Jan 16, 2014, 11:43 PM
News Code: 80998890
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American Embassy school in Delhi under scanner for visa, tax violations

New Delhi, Jan 16, IRNA -- The elite American Embassy school here is under scanner for suspected violations of tax laws and visa status of some of its staff which the Indian government views as 'institutionalised fraud'.

The sprawling school, located next to the US Embassy on American government-owned land, has about 1500 students on its rolls, nearly 500 of whom are from the US.

The remaining students are from several other countries, including some locals.

Government sources said that they have information that several teachers of the school are working 'illegally', in violation of visas granted to them.

Moreover, it is in violation of tax laws.

Government views these violations seriously and is likely to initiate action in this regard, pti quoted the sources as saying.

India, in 1973, had granted to 16 teachers of the school the 'tax exempted status'.

However, as per information available with government, there were many more teachers who were working but not shown as such.

Meanwhile, a report in New York Times says that a handout for new teachers at the school has offered 'some unusual guidance' to female teachers whose husbands will also be teaching at the school.

Instructing female spouses to list their occupation on visa applications as 'housewife', the handouts state that they should not mention that they would be working.

Indian officials regard this advice as illegal.

As per the news report, the handout notes that India has placed restrictions on the number of tax-free visas available to school employees.

'So, if you are a teaching couple,' the handout says, 'we usually have the male spouse apply for the 'employment' visa and the female spouse be noted as 'housewife' on the visa application.'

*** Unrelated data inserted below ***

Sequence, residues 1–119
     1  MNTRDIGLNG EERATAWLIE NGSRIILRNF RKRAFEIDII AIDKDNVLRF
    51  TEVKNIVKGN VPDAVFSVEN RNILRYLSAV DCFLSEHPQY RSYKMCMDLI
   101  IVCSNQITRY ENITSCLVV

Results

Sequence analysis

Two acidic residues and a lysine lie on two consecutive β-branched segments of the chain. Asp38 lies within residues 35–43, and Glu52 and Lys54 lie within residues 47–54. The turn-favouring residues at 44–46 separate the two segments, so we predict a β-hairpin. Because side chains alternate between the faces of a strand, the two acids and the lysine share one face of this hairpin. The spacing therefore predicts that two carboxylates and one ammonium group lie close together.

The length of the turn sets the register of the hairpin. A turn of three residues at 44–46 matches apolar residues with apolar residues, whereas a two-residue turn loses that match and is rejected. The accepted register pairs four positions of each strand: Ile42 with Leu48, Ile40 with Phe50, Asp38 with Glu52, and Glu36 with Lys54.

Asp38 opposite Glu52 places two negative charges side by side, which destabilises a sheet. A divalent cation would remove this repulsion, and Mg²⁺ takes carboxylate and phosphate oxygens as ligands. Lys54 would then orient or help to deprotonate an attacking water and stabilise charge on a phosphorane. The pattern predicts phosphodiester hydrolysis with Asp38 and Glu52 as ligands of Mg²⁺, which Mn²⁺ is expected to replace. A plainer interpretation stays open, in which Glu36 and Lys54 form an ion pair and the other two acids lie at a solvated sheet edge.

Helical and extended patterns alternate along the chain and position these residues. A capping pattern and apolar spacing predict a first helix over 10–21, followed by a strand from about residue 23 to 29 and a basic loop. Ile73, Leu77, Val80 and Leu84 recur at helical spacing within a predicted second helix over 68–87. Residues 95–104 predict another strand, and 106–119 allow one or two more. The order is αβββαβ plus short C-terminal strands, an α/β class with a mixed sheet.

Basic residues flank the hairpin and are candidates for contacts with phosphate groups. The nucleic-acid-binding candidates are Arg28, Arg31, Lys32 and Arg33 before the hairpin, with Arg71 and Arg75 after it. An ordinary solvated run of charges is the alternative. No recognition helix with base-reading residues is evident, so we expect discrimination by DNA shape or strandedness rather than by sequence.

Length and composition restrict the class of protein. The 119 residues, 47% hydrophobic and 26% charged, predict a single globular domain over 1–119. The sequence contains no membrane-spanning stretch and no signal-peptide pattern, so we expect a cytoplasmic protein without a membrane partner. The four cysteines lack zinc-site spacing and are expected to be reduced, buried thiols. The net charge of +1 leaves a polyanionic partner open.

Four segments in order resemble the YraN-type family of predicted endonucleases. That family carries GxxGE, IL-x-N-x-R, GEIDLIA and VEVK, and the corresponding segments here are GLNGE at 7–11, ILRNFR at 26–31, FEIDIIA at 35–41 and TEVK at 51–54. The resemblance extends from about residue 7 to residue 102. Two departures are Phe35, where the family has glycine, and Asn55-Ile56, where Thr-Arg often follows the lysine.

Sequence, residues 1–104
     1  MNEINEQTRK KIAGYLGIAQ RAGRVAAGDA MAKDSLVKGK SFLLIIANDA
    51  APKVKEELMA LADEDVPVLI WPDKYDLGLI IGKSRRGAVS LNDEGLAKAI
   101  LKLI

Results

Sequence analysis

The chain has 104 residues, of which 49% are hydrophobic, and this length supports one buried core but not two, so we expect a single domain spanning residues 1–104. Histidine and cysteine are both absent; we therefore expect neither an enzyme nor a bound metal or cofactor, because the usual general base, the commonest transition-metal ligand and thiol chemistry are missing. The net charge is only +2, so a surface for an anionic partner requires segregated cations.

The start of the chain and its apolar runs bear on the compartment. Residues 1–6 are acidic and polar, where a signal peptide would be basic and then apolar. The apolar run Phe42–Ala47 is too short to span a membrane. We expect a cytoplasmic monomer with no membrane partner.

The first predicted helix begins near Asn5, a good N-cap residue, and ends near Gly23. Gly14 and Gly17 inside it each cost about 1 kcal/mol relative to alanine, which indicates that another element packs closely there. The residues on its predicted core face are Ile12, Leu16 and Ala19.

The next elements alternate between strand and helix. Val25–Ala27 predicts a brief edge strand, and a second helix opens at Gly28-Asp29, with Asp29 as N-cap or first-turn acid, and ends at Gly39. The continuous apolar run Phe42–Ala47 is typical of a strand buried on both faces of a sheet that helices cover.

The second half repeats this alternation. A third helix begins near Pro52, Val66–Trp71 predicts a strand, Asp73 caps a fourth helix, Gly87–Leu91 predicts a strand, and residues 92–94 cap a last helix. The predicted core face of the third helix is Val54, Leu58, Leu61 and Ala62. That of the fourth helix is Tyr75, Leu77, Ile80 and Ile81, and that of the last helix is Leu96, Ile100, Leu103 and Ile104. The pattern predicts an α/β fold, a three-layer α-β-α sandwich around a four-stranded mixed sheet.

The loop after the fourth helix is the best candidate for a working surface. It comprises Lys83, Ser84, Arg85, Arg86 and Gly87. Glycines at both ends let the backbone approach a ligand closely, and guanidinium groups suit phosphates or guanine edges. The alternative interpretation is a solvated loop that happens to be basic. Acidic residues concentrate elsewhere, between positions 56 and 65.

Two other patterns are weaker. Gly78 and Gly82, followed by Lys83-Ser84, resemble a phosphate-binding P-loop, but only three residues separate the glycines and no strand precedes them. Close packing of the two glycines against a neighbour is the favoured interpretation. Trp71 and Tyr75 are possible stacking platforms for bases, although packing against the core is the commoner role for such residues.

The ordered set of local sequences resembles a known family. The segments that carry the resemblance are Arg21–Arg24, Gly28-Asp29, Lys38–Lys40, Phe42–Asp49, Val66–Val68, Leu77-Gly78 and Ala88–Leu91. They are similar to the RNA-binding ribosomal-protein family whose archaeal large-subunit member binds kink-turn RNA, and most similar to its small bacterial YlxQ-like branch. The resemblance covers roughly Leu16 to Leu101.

The report said that Paul Chmelik, the school's administrator had refused to comment on the visa issue.

The issues pertaining to the school are among those raised by the Ministry of External Affairs with the US government through a diplomatic note and figured in the discussions between US Deputy Secretary of State William J Burns and new Indian Ambassador to the US S Jaishankar in Washington two days ago.

'Deputy Secretary Burns conveyed that we take their concerns very seriously and will continue to address them via appropriate diplomatic channels,' the US State Department said in a statement later.

India initiated a slew of initiatives in retaliation to the arrest and strip-search of its senior diplomat Devyani Khobragade, a 39-year-old 1999-batch IFS officer, on December 12 in New York on charges of visa fraud.

When contacted, the Spokesperson in MEA said, 'we are aware of these reports (handouts). These are very serious issues and we will very carefully examine them.'

India has been demanding withdrawal of charges against Khobragade, who was indicted by a jury in New York hours before she left that country after getting full diplomatic immunity.

Apart from downgrading the privileges enjoyed by the US diplomats and their families, India also sought details about staff in American schools in the country for possible tax violations. It has also asked the Embassy to 'discontinue' commercial activities undertaken by the American Community Support Association (ACSA) from its premises from today.

With India deciding to enforce strict reciprocity about the privileges enjoyed by American diplomats posted in the country, the government has already withdrawn extra privileges enjoyed by them such as airport passes which gave them special access at Indian airports.